Yeasts are fungus, similar to mildew in the shower cracks, athlete’s foot, diaper rash, dandruff, jock itch, ringworm, thrush and cradle cap—all fungi. Women are often too familiar with the uncomfortable effects of a vaginal yeast infection. But, an overgrowth of yeast can occur in the gut (and elsewhere in the body) and be responsible for causing or at least worsening a myriad of health problems.
Problems related to yeast: These can include heartburn, gas, headaches, sore joints, depression, rashes, asthma, carb cravings, obesity, generalized inflammation, chronic sinus congestion…the list is much too long to include here but you get the idea. They may well contribute to auto-immune disease by creating permeability in the intestinal lining, known as “Leaky Gut”. When you look at this illustration of cells in the intestine, you will note (1) little fuzzy fingers—those are villi and microvilli that help with absorption of nutrients and (2) what look like little bungee cords holding the cells close—those weaken. No matter what might be bothering you, at least consider that yeast might be part of the problem. Take THIS QUIZ to get a rough idea.
Causes of yeast overgrowth: Antibiotics are the most common start of a yeast overgrowth. Antibiotics are overused not on in the practice of medicine, but also in agriculture. That means we may be eating second hand antibiotics in foods (especially of animal origin but even plant foods) that are not raised organically. The antibiotics kill off our protective bacteria (probiotics) thereby allowing the yeasts to take over. Other things in our environment are also hard on the good guys: most other medicines, chlorine in the water, excess natural products to kill yeast and low stomach acid (including that caused by acid blocking drugs). What helps the yeasts grow? They benefit from a diet high in starch and sugars and a weakened immune system.
Martie’s 4-step plan to tame yeasts:
- Stop feeding them the starches and sugars they thrive on. Read No more blood sugar spikes as a start. Doug Kaufmann’s book, Cooking Your Way to Good Health, is a good source of recipes using yeast safe ingredients.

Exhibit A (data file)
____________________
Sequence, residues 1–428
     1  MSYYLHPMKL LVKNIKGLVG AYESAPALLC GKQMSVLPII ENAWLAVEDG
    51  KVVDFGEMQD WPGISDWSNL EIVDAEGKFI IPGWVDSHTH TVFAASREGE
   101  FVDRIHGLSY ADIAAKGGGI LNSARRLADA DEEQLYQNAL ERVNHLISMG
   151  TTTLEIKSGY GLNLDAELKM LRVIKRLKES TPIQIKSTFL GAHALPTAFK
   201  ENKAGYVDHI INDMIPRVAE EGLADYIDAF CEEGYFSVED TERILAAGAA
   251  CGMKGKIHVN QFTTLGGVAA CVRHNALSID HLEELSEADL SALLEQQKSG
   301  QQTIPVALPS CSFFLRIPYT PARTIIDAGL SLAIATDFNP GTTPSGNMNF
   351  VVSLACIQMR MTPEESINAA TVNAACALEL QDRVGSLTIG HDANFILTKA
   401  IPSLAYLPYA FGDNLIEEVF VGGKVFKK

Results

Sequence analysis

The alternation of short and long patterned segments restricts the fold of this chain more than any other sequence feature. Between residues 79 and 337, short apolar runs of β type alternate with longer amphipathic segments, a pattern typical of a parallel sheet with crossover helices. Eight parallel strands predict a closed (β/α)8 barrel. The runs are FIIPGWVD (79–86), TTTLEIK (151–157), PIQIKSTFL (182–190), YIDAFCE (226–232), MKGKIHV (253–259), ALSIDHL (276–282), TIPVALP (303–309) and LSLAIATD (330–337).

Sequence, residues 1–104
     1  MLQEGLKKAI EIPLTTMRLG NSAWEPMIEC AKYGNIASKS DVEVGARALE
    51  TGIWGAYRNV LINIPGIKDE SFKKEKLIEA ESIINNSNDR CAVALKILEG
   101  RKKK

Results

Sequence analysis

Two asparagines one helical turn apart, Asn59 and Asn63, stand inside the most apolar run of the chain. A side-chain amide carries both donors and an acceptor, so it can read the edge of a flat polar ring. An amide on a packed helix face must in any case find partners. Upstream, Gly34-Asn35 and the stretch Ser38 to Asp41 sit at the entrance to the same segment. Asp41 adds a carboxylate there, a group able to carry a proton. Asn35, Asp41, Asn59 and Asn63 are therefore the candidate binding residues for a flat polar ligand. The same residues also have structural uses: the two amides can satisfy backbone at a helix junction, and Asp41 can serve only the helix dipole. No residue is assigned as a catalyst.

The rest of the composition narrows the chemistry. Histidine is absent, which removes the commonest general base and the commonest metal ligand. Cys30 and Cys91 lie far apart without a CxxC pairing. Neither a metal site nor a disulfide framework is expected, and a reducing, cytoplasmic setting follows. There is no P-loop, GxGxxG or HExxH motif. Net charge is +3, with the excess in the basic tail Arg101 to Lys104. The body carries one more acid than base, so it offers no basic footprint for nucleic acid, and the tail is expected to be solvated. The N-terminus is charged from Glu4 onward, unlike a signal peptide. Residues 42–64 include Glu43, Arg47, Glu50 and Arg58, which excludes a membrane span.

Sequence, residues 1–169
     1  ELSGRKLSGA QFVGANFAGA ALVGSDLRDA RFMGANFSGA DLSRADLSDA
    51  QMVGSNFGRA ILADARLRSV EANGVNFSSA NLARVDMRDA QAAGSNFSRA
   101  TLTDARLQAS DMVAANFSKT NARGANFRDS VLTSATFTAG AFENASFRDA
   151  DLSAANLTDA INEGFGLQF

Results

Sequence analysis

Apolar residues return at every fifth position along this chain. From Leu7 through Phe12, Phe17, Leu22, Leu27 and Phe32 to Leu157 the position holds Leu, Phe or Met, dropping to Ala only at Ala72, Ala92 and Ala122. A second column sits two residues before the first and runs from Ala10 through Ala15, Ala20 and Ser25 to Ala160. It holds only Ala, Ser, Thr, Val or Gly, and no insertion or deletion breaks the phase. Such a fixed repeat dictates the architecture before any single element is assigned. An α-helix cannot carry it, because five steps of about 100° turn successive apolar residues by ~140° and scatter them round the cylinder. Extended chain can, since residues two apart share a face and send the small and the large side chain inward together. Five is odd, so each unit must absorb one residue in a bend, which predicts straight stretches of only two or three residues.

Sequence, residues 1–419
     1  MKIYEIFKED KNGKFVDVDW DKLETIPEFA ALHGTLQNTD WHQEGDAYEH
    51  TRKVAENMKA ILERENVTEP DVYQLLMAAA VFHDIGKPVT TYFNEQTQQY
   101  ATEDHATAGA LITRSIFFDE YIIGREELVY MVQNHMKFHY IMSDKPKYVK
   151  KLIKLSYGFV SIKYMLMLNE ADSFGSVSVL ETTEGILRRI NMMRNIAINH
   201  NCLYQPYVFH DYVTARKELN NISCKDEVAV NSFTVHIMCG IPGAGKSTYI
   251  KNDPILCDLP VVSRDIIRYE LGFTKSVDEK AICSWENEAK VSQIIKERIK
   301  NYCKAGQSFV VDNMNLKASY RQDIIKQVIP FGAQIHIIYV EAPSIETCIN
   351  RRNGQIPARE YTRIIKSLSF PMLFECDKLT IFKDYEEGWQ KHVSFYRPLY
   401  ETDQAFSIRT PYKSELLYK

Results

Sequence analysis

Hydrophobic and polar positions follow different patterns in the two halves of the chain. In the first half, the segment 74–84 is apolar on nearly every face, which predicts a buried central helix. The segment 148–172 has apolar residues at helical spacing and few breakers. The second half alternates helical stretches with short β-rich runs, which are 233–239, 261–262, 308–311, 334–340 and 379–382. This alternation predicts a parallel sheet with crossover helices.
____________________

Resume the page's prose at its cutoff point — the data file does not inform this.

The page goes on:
- Start killing the yeasts off. If you have a doctor knowledgeable in this problem, he or she can prescribe an anti-fungal. Natural remedies can be very useful. Yeast Manager is the one I take if I suspect that the yeastie beasties are getting a foothold. Start slowly to lessen the change of a die-off reaction which might be something like a headache or flu-like fatigue. It also helps to make sure your bowels are regular so the yeast waste can exit quickly. Another approach is to use an enzyme specifically designed to dissolve the cell wall of the yeast. Candidase is from an excellent company. This can be used with Yeast Manager or first to reduce the likelihood of a die-off reaction.
- Replenish the army of good guys that used to keep the yeasts under control. Probiotics not only crowd them out, they make selective antibiotic substances to keep them out of the neighborhood. One of many reasons that I prefer Dr. Ohhira’s Probiotics that the capsules contain those substances along with live bacteria and their food supply. (Not just freeze-dried bacteria like virtually all other brands.)
- Encourage your immune system to target the yeasts. When there has been a chronic problem, the immune system may have basically decided that they are a normal part of the family. Dr. King has a set of product that treat this problem with homeopathy.
Natural Alternatives to Nexium, Maalox, Tagamet, Prilosec & Other Acid Blockers. Subtitle: What to Use to Relieve Acid Reflux, Heartburn, and Gastric Ailments. Besides explaining the dangers of these medications and helping fix the real cause (which is seldom too much acid) this book is also helpful for solving other digestive problems.
Cooking Your Way to Good Health, Doug Kaufmann
The Fungus Link, Doug Kaufmann
Doug Kaufmann’s Know the Cause TV program and newsletter
Copyright 2014 by Martie Whittekin, CCN